But the Phase I readout did resonate with the companies that sent Prothena unsolicited expressions of development interest in PRX004.
“Novo’s ability to drive it forward quickly, it was certainly something that was interesting to us,” Smith recalled of Novo Nordisk. “We were certainly very excited about their strong interest. They did their market research, they did their due diligence, they were very, very focused on this and strategically, it seemed like a great fit.”
Novo Nordisk concluded PRX004 was a great fit based on its desire to broaden its commercial portfolio, now largely centered around products to treat diabetes and obesity, as well as its Biopharm business which encompasses hemophilia and growth hormone deficiency.
Novo Nordisk said it will initially focus its clinical development of PRX004 on ATTR cardiomyopathy—an under diagnosed and potentially fatal form of ATTR amyloidosis characterized by build-up of amyloid deposits in cardiac tissue.
“One of our strategic aspirations for 2025 is to establish a presence in other serious chronic disease, focusing on cardiovascular disease, non-alcoholic steatohepatitis (NASH), and chronic kidney disease,” Novo Nordisk spokesman Michael Bachner told GEN. “The deal with Prothena is a continuation of our strategy in cardiovascular disease that provides us with the opportunity to accelerate the build-up of our CVD pipeline, and it gives us access to an innovative clinical asset for the treatment of ATTR cardiomyopathy, a disease area within cardiovascular disease with significant unmet need.”
Jefferies analyst Michael Yee wrote July 12 that Novo Nordisk’s acquisition of PRX004 aligned with efforts in recent years to grow its CV portfolio—most notably the company acquiring Corvidia Therapeutics last year for up to $2.1 billion (of which $725 million was upfront). That deal expanded Novo’s pipeline with the anti-IL-6 antibody ziltivekimab, designed to reduce the risk of major adverse cardiovascular events in chronic kidney disease (CKD) patients with atherosclerotic cardiovascular disease (ASCVD) and inflammation.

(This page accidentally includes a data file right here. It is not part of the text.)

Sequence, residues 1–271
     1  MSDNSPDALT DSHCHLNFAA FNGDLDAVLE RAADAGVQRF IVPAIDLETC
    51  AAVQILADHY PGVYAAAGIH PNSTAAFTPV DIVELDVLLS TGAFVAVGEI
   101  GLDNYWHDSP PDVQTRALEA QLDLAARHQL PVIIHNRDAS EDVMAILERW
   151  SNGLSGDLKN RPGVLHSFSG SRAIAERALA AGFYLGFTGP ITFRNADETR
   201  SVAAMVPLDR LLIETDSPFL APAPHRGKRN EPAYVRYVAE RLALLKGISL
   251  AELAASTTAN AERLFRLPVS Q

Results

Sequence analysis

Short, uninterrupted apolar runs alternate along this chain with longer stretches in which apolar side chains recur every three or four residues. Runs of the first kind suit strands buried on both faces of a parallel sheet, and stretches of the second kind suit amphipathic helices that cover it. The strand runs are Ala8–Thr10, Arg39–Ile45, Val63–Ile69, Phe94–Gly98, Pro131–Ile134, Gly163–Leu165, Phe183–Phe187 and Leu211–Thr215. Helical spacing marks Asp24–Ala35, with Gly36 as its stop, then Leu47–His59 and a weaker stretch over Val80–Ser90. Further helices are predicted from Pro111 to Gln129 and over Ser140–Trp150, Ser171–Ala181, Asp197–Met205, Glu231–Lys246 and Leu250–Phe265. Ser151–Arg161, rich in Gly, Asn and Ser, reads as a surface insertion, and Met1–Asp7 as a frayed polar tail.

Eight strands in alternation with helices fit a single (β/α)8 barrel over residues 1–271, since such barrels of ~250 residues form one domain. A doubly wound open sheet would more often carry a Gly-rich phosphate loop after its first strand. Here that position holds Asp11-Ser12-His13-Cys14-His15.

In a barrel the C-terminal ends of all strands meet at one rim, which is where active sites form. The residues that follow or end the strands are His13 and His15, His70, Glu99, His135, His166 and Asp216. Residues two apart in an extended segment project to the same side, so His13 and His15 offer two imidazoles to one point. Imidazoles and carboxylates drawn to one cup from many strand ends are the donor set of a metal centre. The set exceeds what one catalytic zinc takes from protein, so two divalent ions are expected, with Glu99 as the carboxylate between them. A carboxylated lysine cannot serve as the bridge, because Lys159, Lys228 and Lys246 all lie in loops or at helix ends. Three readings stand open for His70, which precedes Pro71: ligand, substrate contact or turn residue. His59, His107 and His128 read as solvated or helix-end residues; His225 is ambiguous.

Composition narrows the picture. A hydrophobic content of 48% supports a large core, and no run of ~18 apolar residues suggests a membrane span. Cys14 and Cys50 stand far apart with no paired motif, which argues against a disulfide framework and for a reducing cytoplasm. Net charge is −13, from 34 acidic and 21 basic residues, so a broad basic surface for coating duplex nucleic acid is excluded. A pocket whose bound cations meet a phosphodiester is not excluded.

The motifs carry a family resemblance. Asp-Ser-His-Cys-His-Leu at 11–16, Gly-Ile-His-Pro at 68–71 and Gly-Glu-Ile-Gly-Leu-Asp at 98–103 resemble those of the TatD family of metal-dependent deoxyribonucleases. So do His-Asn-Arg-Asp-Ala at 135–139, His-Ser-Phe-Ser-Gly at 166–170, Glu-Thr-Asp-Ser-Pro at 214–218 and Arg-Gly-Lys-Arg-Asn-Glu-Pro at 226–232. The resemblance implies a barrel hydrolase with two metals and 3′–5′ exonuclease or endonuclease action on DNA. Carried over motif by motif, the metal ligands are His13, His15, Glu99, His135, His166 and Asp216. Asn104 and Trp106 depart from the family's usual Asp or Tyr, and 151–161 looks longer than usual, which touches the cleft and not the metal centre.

Novo Nordisk is also partnering with Staten Biotechnology of The Netherlands to develop Staten’s lead pipeline candidate STT-5058, a monoclonal antibody designed to treat dyslipidaemia by targeting the lipoprotein ApoC3. A first-in-human Phase I trial (NCT04419688) began last year. Novo Nordisk is providing funding and support to Staten to develop STT-5058 for dyslipidemia, under a collaboration and exclusive option agreement of undisclosed value inked in 2018.
“Novo is well positioned as a global [company] to run a Phase II/III and to commercialize [PRX004] w/ their cardio-metabolic presence in diabetes and CV,” Yee concluded.
Making commercial sense
Smith said the sale of PRX004 also made sense for Prothena from a commercial standpoint.
“Quite frankly, long term cardiovascular is quite a large commercial presence requirement. And without additional cardiovascular programs in our pipeline, we thought it made more sense for a company like Novo to take it forward, because they will have the broader presence commercially.,” Smith explained.
“Put all those things together, and the fact that any big pharma likes to run clinical trials their own way,” Smith added, “and we thought it made sense for us to take a step back and allow Novo to drive the program forward for patients.”
Driving that program will entail advancing PRX004 into Phase II studies. “A Phase II clinical trial for PRX004 is expected to be initiated in 2022” Bachner said. “This is expected to be followed by a Phase III cardiovascular outcomes trial (CVOT).”
The timing of the Phase II trial has been pushed back from earlier plans. According to Prothena’s Form 10-Q for the first quarter, filed May 11, a Phase II/III trial of PRX004 was “expected to initiate in the fourth quarter of 2021.”
Through its deal with Prothena, Novo Nordisk acquired a wholly-owned subsidiary of Prothena and gained full worldwide rights to the intellectual property and related rights of Prothena’s ATTR amyloidosis business and pipeline.
Novo Nordisk’s acquisition of PRX004 came barely two weeks after researchers from Intellia Therapeutics, Regeneron Pharmaceuticals, and partners reported that its in vivo CRISPR genome editing therapy NTLA-2001 generated a dramatic reduction of protein linked to ATTR amyloidosis following a single dose in six patients with hATTR-PN. In publishing June 26 the first-ever clinical data supporting the efficacy of in vivo CRISPR genome editing in humans, Intellia’s president and CEO John Leonard, MD, declared “a new era of medicine.”
The FDA’s approved treatments for wild-type or hereditary ATTR cardiomyopathy include Pfizer’s Vyndamax® and Vyndaqel®, both authorized in 2019 as separate oral formulations of the same drug. Pfizer reports combined revenues for both drugs, which nearly tripled last year to $1.288 billion from $473 million, and nearly doubled year-over-year during Q1 2021, to $453 million from $231 million.